Sunday, August 21, 2005

Market Solutions for Automobile Guilt

Online! After several frustrating weekends the wifi internet access at our weekend cabin is working. Beach blogging today. Are you feeling guilty about driving your SUV? Or your 4-door sedan? Come on, every vehicle emits CO2. And if you believe that global warming is caused by you, then you should feel guilty about the damage you are creating. Several companies have arrangements where you can buy someone else's right to emit CO2. If your household emits 50 tons of CO2 per year, then you can buy off other parties for an equivalent 50 tons of CO2, so the net effect is zero emissions. Slate Online has an article describing the process and the companies. Via new blogging friends at Democracy Market in California.
The nonprofit Carbonfund is one group that buys credits, which represent the right to emit a given quantity of greenhouse gases, on a market called the Chicago Climate Exchange. The companies listed on CCX, all of whom have voluntarily agreed to emissions reductions, buy and sell pollution rights to one another as a cost-effective means of meeting their targets. Carbonfund buys credits from companies with low emissions and then "retires" them. Instead of a company buying credits so they can continue to pollute, Carbonfund tears them up and that much less fuel gets burned.
Another approach is to directly underwrite CO2-saving energy research and use.
TerraPass, a for-profit group cooked up by a Wharton professor and his students, is one of many ventures that sell you the chance to offset your fossil-fueled existence, either by underwriting non-fossil power or by paying for pollution reductions. NewWind Energy, for instance, uses your guilt money to make wind power available to power companies at prices that are competitive with fossil fuel-based energy sources... [NWE] charges about $37 to cancel out a ton of CO2 emissions.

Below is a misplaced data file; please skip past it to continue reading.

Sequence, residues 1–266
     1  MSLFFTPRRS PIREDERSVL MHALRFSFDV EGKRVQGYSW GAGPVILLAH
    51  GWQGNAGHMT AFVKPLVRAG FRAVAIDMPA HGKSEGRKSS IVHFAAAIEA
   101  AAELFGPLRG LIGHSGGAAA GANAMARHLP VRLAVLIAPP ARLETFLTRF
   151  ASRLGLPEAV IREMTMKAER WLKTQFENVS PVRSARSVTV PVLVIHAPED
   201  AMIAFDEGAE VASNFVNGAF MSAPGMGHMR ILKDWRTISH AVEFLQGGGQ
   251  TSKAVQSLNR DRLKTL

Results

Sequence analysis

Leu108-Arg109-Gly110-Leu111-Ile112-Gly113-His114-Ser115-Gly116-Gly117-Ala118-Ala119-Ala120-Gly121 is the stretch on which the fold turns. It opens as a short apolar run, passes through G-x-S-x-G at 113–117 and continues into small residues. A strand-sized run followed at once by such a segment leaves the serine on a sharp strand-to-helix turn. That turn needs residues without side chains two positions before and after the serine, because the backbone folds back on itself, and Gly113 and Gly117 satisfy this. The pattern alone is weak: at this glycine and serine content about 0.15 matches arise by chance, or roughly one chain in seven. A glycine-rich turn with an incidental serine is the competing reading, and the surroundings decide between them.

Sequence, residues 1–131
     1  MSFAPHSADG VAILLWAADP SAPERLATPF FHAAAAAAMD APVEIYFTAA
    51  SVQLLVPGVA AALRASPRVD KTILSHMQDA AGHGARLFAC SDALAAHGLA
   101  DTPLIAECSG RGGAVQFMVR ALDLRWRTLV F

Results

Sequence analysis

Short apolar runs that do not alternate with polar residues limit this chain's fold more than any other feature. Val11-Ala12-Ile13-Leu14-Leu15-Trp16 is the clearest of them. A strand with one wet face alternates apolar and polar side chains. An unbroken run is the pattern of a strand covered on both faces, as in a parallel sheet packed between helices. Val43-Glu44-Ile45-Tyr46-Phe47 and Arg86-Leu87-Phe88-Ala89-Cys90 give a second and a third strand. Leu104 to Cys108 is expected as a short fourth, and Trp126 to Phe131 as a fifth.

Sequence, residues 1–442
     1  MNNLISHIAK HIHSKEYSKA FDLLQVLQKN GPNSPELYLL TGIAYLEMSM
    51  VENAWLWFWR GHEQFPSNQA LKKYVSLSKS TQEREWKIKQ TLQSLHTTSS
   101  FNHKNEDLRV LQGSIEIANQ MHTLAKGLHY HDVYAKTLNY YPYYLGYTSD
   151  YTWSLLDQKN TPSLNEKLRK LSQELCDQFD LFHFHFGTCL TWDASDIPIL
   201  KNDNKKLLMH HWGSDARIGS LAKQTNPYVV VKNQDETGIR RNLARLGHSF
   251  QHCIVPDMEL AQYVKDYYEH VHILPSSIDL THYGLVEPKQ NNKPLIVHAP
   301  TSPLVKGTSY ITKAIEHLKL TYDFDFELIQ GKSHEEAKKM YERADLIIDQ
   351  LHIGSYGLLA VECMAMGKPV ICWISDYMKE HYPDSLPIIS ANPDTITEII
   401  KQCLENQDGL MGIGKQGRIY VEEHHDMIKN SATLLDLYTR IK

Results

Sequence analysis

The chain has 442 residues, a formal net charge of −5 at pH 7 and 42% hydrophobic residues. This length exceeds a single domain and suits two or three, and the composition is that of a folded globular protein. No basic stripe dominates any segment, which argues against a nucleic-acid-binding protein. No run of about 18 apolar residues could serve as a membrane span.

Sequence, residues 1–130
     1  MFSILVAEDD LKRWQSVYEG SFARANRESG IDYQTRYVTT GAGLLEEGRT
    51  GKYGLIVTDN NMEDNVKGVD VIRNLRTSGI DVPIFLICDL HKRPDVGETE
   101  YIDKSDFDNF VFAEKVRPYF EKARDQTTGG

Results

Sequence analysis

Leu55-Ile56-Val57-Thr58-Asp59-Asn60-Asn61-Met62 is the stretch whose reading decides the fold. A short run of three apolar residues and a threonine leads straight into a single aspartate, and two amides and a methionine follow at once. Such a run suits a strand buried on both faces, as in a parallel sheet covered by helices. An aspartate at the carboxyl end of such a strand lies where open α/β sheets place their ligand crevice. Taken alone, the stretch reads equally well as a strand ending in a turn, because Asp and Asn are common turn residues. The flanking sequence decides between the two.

The Slate author calculated that his household emits 50 tons of CO2 per year. The cheapest trade he found was Carbon Source for $5.50 per ton. So he can face his friends for only $274 per year. One caution, in a market you have to trust your trading partner to carry out his side of the deal. Can the nonprofits/companies cheat? Yes, they can. So there needs to be some auditing and spreading the word about who carries through and who doesn't. Good intentions only get you so far when you have to implement your promises. And outside of cheating, sometimes it's hard for your partner to implement your lofty ambitions. The Dutch have found great frustrations in paying a Brazilians landfill to burn methane. I covered this in "Gallant Effort for Kyoto" Oh, and for that guilt. If you go with TerraPass you get a neat bumper sticker to put on your gas guzzler! Added. I like TerraPass's blog's analysis of MBTE. Congress decreed that MBTE be added to gasoline. Then it was found that MBTE was getting into water tables all over the country. So of course the people who demanded that MBTE be mandated tried to blame the pollution of the water on the oil companies. But the companies had just followed the law. Congress is to blame. Good news: in this year's energy bill Congress took some responsibility by allowing protection to the oil companies against law suits. But step back. If Congress has said to reduce which-ever exhaust pollutant and left it to the oil companies to find the solution there would have been two big effects. 1- To the greenies delight, they could blame the e-e-evil oil companies. 2- The oil companies could have looked at alternate ways of getting the required reduction. And among the alternates, when one turned out to have side effects, they could have gone with another solution = the Market Way.

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